Lieutenant Colonel Bernard William Vann, VC
Bernard Vann, born in Rushden, 9th July 1887, was awarded the Victoria Cross for gallantry in the face of the enemy during World War I
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His parents were teachers in Rushden and he attended Cichele College School in Higham Ferrers. A keen footballer, he played for Northampton Town, Derby County and Leicester Fosse.
In 1907 he began studying at Jesus College, Cambridge where he also served in the Officers' Training Corps. After graduating, he taught for a while at Ashby-de-la-Zouch Grammar School before training for the Church of England priesthood. After curacies in Leicester he became Chaplain at Wellingborough School.
At the outbreak of the first World War he volunteered to be a military chaplain but eventually enlisted in the infantry and was commissioned into The Sherwood Foresters (The Nottinghamshire and Derbyshire Regiment).
He displayed conspicuous gallantry on a number of occasions and was awarded the Military Cross with a bar. He rose to the rank of Lieutenant Colonel, taking command of 1/6th Battalion Sherwood Foresters.
For his bravery in action on 29th September 1918 he was awarded the Victoria Cross, the only one of the First World War to be awarded to a cleric of the Church of England performing a combat role.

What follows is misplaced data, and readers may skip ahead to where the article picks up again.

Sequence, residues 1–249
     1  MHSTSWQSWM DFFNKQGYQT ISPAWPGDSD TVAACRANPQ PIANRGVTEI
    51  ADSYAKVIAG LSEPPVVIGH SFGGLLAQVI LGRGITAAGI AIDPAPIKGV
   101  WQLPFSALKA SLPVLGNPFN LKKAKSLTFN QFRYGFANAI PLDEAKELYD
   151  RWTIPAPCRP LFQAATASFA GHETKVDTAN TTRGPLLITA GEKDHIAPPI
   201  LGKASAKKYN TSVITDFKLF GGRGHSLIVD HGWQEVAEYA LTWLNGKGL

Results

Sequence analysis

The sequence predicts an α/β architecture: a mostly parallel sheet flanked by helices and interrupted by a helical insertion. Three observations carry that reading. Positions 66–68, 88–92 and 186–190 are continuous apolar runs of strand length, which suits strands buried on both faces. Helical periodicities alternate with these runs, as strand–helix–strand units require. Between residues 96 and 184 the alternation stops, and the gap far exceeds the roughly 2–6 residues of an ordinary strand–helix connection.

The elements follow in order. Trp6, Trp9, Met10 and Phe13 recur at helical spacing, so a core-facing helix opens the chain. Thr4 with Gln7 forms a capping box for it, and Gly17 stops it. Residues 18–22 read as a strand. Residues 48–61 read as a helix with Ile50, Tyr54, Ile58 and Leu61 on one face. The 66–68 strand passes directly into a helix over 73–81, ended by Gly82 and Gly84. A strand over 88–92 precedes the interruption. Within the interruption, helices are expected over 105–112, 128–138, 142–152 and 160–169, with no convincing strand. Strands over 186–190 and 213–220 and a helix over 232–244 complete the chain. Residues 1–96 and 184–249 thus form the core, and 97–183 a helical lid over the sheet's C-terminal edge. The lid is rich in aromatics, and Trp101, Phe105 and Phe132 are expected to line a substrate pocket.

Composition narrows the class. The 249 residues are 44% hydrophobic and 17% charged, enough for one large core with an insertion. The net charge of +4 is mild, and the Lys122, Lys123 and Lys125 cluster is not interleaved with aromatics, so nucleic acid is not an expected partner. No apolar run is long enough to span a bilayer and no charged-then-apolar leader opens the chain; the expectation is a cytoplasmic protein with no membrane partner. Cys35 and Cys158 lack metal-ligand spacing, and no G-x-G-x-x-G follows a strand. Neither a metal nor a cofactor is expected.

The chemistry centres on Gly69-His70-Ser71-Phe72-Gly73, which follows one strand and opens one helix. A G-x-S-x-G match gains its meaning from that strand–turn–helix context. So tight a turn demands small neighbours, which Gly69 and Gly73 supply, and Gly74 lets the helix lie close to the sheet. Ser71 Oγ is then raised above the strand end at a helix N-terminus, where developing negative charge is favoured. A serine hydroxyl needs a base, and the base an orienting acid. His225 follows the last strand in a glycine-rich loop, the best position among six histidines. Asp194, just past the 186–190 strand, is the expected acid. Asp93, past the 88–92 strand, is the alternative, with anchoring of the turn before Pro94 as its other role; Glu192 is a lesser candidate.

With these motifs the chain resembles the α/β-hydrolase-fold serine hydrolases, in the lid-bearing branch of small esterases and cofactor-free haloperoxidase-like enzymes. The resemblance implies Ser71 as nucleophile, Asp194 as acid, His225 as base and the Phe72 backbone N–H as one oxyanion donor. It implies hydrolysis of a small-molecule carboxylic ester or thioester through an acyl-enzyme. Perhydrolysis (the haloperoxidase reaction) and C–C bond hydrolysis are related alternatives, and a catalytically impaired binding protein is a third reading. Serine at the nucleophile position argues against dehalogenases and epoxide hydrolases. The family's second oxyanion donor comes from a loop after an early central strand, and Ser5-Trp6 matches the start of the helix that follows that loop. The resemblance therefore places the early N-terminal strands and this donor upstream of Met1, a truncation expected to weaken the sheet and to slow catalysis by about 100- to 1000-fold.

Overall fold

On 3rd October 1918 he was killed in action by a sniper.
Bernard Vann had married Doris Victoria Strange-Beck in 1917. After he died, she gave birth to their son.
On 29 September 2018, his grandsons unveiled a commemorative stone in Rushden. His grandson, Michael, unveiled a memorial plaque in the chapel at Wellingborough School on 10 November 2018.
Also in 2018, The Vann Fellowship was inaugurated at the Department of Theology and Religion at Durham University, to "recruit the best postdoctoral scholars from across the world, scholars with new expertise and fresh insights into the study of Christianity and the armed forces." Read more details »
Bernard Vann VC